MURRAY, Utah (AP) — The Pink Grandmas bleed green, purple and gold. They're sweating out all of those colors as their beloved Utah Jazz stare at a 0-2 deficit against the Golden State Warriors in the Western Conference semifinals.
Yeiko Homma and Keiko Mori are known as the Pink Grandmas for their attire — pink Jazz jerseys. For the last 20 years, they've charmed Utah fans, players and coaches with their loyalty and love for their team and each other.
Homma, 92, and Mori, 88, were at Mori's home Sunday watching Game 7 of the Jazz's first-round series vs the Los Angeles Clippers, surrounded by a dozen family members, the Salt Lake Tribune reported (http://bit.ly/2qBwu9n ). Wherever Mori watches, that's where Homma watches.
When Mori went to Intermountain Medical Center for seven days last week, Homma joined her by her bedside, donning pink Gordon Hayward jerseys to cheer for the Jazz the same way they have for two decades.
"We go together," Homma said. "That's how we do it."
The sisters believe they attended more than 600 games live. Mori said it's the atmosphere that keeps her coming back.
"It's just special to be there," she said.
Their fierce loyalty for the team has garnered the sisters fans of their own.
The Utah Jazz hosted a fan meet-and-greet with recently added team members not long after the 2014 NBA draft. Even though stars like Rudy Gobert and Dante Exum were in attendance, the Pink Grandmas had one of the longest lines for pictures.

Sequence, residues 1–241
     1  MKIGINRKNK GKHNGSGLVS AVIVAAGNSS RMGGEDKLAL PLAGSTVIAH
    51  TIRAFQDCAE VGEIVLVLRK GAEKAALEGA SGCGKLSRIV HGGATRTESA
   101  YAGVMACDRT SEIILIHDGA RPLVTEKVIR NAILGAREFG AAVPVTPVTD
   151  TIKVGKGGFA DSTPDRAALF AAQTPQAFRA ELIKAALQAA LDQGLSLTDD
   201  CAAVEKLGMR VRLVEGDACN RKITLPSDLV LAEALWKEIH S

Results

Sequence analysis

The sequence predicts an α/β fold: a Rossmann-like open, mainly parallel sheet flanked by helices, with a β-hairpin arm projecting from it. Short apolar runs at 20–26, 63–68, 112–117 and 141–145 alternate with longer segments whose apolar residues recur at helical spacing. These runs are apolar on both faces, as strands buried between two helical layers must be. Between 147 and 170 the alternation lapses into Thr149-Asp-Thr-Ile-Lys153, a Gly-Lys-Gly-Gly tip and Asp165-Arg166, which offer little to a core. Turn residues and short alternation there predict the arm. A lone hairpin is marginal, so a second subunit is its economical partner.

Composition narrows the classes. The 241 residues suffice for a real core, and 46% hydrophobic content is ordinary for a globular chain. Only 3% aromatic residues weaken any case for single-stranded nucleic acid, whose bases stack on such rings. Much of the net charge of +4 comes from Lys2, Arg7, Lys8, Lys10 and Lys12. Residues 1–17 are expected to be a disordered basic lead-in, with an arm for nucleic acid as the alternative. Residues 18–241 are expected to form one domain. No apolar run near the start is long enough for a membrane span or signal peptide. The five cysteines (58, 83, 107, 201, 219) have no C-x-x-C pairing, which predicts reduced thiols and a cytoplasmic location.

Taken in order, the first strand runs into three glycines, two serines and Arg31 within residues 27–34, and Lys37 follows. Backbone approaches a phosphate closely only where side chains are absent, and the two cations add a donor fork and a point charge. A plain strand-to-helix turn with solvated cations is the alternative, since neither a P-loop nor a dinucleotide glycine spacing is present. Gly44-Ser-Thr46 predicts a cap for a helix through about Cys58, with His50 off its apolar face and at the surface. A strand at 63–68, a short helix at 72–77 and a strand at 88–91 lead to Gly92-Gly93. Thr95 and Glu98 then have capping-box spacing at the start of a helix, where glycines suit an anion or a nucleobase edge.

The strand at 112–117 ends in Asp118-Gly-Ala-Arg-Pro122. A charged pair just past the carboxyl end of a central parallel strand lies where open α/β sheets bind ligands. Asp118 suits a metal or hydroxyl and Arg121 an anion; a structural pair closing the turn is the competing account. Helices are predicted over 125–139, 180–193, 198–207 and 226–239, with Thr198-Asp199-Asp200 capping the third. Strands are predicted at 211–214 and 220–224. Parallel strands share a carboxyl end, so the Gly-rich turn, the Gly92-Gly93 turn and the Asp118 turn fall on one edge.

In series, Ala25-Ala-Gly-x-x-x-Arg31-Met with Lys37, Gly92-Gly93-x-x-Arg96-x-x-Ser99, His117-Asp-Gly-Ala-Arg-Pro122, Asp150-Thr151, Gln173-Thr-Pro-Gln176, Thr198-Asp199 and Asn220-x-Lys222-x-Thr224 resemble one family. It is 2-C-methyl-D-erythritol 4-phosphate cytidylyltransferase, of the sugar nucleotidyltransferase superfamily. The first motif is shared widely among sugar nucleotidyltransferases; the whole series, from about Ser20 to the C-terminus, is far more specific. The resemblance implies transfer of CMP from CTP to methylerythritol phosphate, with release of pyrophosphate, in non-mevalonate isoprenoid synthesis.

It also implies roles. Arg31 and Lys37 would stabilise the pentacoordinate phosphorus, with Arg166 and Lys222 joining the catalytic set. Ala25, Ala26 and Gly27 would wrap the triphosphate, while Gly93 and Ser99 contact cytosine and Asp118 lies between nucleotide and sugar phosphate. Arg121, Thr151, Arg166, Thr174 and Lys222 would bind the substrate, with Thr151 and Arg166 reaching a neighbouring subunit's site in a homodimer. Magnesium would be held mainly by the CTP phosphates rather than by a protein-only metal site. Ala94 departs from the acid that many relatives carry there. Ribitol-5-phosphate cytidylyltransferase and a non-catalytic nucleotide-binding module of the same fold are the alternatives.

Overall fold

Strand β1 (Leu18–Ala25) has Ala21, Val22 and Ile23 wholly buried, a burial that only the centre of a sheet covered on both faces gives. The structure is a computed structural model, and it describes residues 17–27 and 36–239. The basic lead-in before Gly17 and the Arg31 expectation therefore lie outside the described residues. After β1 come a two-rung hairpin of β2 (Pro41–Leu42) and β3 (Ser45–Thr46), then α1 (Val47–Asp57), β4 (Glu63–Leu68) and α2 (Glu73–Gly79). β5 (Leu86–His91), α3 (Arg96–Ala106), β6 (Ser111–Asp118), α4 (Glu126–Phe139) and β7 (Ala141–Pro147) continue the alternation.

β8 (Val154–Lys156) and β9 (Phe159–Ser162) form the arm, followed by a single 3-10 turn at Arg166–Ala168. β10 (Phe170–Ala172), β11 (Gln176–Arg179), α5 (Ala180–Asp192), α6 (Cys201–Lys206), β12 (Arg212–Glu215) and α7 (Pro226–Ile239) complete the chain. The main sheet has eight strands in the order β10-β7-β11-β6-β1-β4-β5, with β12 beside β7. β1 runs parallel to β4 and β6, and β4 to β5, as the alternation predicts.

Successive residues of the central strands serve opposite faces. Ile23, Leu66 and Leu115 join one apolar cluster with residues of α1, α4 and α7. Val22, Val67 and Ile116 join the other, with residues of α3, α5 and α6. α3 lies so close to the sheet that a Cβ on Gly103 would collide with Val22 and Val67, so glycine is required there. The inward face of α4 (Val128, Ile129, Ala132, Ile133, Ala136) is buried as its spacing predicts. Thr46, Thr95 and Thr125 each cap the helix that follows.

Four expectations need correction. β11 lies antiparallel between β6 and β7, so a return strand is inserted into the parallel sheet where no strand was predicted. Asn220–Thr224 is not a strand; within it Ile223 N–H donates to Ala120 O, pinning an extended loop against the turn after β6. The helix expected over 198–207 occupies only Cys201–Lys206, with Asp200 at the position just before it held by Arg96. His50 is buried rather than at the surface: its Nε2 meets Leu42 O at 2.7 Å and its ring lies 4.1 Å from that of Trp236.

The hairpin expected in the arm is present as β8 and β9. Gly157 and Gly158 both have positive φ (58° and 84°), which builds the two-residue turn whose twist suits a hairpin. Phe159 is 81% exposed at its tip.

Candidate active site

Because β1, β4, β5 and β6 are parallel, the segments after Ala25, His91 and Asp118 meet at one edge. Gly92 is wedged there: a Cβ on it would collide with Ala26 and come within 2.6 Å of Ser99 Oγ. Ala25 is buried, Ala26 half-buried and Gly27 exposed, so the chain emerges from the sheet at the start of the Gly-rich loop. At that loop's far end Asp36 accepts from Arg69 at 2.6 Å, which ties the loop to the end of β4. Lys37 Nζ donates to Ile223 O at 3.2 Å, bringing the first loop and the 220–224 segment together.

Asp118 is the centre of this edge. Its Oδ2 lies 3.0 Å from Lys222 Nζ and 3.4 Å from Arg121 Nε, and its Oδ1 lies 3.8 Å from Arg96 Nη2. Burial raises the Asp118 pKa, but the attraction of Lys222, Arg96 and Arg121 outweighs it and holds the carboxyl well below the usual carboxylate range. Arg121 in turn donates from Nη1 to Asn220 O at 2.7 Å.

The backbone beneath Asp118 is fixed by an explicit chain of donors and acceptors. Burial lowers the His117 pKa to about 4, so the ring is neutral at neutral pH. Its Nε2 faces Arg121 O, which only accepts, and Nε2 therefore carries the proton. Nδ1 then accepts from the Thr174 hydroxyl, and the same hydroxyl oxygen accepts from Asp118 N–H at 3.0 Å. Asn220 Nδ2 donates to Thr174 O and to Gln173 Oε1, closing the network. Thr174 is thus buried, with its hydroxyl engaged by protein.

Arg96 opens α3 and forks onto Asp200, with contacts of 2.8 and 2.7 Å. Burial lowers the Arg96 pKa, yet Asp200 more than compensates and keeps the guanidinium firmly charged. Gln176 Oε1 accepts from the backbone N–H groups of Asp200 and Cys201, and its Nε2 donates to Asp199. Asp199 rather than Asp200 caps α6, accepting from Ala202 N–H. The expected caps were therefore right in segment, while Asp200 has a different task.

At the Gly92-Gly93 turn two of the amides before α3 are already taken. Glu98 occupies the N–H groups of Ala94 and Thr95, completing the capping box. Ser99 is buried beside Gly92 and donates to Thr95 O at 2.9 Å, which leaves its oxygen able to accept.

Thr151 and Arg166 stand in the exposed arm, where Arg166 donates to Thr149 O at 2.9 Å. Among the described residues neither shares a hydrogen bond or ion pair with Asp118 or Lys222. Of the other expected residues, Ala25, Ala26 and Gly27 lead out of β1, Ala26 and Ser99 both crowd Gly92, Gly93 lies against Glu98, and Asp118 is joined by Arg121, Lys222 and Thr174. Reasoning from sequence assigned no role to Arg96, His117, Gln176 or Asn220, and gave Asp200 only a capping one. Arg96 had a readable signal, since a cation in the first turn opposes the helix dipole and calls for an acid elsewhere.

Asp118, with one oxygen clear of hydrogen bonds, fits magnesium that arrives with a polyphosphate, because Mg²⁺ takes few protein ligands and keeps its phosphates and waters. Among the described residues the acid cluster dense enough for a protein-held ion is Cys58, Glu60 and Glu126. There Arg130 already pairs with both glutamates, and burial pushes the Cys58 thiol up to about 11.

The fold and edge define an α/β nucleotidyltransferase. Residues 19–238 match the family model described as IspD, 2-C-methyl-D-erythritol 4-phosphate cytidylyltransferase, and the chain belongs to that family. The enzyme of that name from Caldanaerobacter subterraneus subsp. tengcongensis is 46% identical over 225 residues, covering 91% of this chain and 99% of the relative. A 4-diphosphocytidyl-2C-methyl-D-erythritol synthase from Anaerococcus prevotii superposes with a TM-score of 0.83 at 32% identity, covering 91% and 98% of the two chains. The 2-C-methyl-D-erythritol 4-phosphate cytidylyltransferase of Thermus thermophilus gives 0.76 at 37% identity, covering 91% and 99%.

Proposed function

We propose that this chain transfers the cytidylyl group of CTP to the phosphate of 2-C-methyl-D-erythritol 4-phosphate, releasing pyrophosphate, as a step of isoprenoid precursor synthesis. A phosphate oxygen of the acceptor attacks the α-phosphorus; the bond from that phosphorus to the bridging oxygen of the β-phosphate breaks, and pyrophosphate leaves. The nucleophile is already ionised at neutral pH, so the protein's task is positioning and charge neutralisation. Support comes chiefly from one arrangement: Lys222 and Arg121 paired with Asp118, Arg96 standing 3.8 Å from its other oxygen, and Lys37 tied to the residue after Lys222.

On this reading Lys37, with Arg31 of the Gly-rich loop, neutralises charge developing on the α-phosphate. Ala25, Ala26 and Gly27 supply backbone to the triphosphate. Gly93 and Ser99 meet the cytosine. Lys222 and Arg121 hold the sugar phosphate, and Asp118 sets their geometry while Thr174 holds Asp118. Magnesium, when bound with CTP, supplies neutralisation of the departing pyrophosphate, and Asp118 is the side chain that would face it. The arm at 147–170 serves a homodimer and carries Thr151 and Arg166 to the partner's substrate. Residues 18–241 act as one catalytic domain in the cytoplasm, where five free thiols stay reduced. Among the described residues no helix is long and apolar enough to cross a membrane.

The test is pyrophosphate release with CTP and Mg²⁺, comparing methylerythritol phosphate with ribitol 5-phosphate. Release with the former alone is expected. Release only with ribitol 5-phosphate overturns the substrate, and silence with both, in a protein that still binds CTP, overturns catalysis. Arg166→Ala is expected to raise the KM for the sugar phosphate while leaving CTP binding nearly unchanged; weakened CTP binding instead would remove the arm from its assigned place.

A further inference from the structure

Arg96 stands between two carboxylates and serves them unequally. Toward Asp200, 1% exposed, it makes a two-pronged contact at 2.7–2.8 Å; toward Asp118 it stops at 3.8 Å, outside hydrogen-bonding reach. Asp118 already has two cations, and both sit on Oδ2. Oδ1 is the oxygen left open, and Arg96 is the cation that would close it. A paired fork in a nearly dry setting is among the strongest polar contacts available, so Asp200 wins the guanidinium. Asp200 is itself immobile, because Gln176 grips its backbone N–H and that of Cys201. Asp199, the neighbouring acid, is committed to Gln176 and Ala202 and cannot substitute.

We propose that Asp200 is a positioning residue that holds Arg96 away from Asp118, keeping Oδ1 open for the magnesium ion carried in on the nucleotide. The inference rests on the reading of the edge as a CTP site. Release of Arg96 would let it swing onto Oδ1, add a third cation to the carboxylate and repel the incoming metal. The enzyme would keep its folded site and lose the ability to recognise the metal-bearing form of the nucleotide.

Their aisle seats — in Section 7, Row 12 of the Jazz's Vivint Smart Home Arena — are visited by fellow Jazz loyalists. The pair has been featured in a commercial for Jazz season tickets, and they frequently are recognized on the street.
"Other than (former Jazz head coach) Jerry Sloan, they get the loudest applause when they're on the JumboTron," radio play-by-play man David Locke said.
Mori and Homma first started wearing pink to stand out. A family friend, Brad Nakamura, bought them pink jackets so he could see them from his seat across from the basket.
Attending the games together was a great way for the sisters to reconnect as adults after a tough childhood impacted by immigration and World War II. The sisters' family was separated. Half lived in Japan. The others left to the United States.
When Mori was pregnant with her second child in the early 1950s, the family sent for Homma.
When the two met, they had a language barrier.
"It took a little while," Mori said of how long it took for her and her sister to become close. "But it wasn't like we were strangers. It was just natural."
A few years ago, Homma moved four houses down the street from Mori. They talk, cook and watch Jazz games, almost always together.
But something disrupted the sisters' daily routine two weeks ago. Mori's normally talks with their other sister, Miyoshi Marumoto, every morning. As Homma watched TV, she suddenly heard her sister's chatter go to silence.
"It was really quiet," Homma said. "I turned around, and my sister is on the floor."
Homma went to get the neighbor for help.
Mori was taken the intensive care unit at IMC.
Doctors told her she had a seizure, caused by low levels of sodium. They recommended Mori monitor her fluid intake and diet.
The sisters are still unsure if Mori will be well enough to attend the Jazz's upcoming home games. Mori is staying optimistic on her chances of making it back to the stands and Jazz's chances of defeating the Golden State Warriors.
"I'll be back," Mori said.
Fellow Jazz Nation members have reached out to the sisters on the pair's Twitter account wishing Mori a speedy recovery.
Information from: The Salt Lake Tribune, http://www.sltrib.com